O.k, enough of the bitch-fest.

I propose a volunteer program along the lines Robert talked about, wherein as much as possible, publishers and the CBIA work together and the publishers give advance notice to the CBIA, when they become reasonably aware that a book might launch at a particular show. It's not always an easy task, though, because the publishers are at the whims of fate, as they wait for copies to arrive directly from the printer … often times from China or Hong Kong. Publishers might only know this information a week or two in many cases (or less).

Moreover, these publishers should build-in to their projected convention inventory needs a modicum of overage dedicated to selling (at wholesale, of course) to retailers in the city of the convention in question. The advance notice would allow for retailers to inform customers to notify their staff and clientele.

The onus on the member publishers would be the need for honesty and transparency concerning debut books. That said, the onus on the CBIA would then be to first contact the member publishers in advance of a show (maybe three or four weeks ahead), and simply ask; "Do you have any debut books at the show? Any attending authors we should know about?" Copies of these launch books would then be available either before the show opens to the public during set-up (why the gods created the mobile phone), or at any point during the show.

Chris Staros and myself have ALWAYS honored a similar system, of not only of selling our debut books to retailers at the show itself, but also at a 60% discount! For my two cents, a system like this wouldn't deviate from our own method of operation much at all. And i'd wager that many or most of my publisher friends would gladly participate.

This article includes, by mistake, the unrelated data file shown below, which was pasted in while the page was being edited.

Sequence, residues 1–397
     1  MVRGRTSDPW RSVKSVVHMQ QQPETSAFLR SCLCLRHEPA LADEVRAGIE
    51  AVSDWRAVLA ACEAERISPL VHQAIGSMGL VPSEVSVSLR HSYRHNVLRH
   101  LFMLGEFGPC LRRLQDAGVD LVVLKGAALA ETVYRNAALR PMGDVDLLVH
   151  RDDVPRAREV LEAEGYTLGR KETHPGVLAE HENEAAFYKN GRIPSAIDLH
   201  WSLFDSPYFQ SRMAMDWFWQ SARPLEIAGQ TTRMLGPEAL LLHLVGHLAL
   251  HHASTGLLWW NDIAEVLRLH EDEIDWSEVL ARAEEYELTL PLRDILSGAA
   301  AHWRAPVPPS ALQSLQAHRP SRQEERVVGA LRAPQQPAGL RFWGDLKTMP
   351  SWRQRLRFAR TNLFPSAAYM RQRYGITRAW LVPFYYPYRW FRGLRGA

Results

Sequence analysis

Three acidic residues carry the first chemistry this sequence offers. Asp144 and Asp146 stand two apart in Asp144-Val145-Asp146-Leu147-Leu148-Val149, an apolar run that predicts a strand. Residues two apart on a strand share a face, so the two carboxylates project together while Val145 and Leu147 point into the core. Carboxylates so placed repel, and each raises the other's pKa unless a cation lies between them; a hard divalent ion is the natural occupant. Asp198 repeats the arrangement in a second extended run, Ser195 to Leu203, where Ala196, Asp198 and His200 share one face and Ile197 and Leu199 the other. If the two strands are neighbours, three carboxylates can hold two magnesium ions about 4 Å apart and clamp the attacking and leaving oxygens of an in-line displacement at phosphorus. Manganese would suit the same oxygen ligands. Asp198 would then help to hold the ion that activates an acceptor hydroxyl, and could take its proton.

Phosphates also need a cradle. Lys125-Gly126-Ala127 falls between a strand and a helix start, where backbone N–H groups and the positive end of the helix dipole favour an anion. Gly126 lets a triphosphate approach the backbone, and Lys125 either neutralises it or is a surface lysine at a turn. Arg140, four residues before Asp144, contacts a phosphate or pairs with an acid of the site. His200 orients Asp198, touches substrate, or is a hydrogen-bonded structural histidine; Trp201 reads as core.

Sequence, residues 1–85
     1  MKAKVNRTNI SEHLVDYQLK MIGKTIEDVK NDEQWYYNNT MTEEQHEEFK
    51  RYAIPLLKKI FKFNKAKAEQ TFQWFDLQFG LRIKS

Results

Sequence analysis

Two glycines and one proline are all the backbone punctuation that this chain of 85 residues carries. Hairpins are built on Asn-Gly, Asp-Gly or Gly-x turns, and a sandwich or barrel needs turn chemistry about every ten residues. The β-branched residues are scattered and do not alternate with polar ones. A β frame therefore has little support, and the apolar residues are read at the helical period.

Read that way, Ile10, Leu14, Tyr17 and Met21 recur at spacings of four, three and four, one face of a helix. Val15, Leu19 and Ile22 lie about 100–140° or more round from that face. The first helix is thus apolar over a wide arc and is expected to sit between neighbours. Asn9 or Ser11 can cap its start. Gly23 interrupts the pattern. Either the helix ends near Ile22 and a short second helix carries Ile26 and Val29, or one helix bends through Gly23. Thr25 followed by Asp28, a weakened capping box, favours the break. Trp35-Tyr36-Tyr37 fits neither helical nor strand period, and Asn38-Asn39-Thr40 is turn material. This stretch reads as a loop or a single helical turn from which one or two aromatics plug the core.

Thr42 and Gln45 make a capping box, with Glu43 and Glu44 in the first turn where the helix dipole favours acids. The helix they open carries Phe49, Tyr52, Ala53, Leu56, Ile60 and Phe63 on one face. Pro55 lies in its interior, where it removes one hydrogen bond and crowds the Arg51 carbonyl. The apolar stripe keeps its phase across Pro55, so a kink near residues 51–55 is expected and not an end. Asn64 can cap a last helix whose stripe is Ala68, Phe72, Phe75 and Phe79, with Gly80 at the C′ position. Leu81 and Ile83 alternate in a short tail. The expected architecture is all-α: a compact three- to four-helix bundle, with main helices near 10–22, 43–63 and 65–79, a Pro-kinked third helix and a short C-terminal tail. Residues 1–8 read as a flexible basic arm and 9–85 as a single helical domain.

I absolutely LOVE Robert's ideas. Advance knowledge of an attending creator allowing retailers to build creator-based displays is genius. So is the idea of producing book plates for the retailers only, for their stores.

I believe there can indeed be a middle ground here, folks.

• Michael Golden has an exhibit up at the Society of Illustrators. So if you're in Manhattan this month, and as much of a Golden fanboy as myself, get yer butt on over there and check it out!

From the press release:
THE paramount club of renowned artists for over a hundred years, and boasting a membership that at various times included such talents as Montgomery Flagg and N.C. Wyeth, the Society of Illustrators has also become the artistic home of many of today's top sequential art illustrators.

A member since 2007, Golden was inducted on the same night as Neal Adams! Michael's artwork is currently being displayed in the third floor gallery, right next to the likes of Rockwell, Lyndecker and Parrish.

The Michael Golden exhibit shows a spectrum of work, and includes a six page sequential segment entitled "The Sniper," which is one of the first appearance of his influential "The 'Nam" characters. In addition, the Golden works include canvas pieces of his X-Men and Jurassic Park pieces and much more.

Here's more fancy art by my favorite comic book artist EVER!!

• I blogged about Ed Piskor's book Wizziwig just recently, and now Ed informs me the story can be read at his website. i really really really dig this work, and think it's Ed's best, most ambitious work to date.

Can't wait to see more!!